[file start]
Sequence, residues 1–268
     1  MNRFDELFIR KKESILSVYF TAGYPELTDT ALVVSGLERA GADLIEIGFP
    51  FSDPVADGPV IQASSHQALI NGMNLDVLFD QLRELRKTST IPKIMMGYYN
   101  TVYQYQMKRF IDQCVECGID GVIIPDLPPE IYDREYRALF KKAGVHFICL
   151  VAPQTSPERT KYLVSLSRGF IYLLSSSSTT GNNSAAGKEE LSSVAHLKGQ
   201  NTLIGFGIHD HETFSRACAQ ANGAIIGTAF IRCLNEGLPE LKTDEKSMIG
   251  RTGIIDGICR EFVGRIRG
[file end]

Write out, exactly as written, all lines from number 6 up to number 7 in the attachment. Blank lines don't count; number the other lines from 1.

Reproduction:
   201  NTLIGFGIHD HETFSRACAQ ANGAIIGTAF IRCLNEGLPE LKTDEKSMIG
   251  RTGIIDGICR EFVGRIRG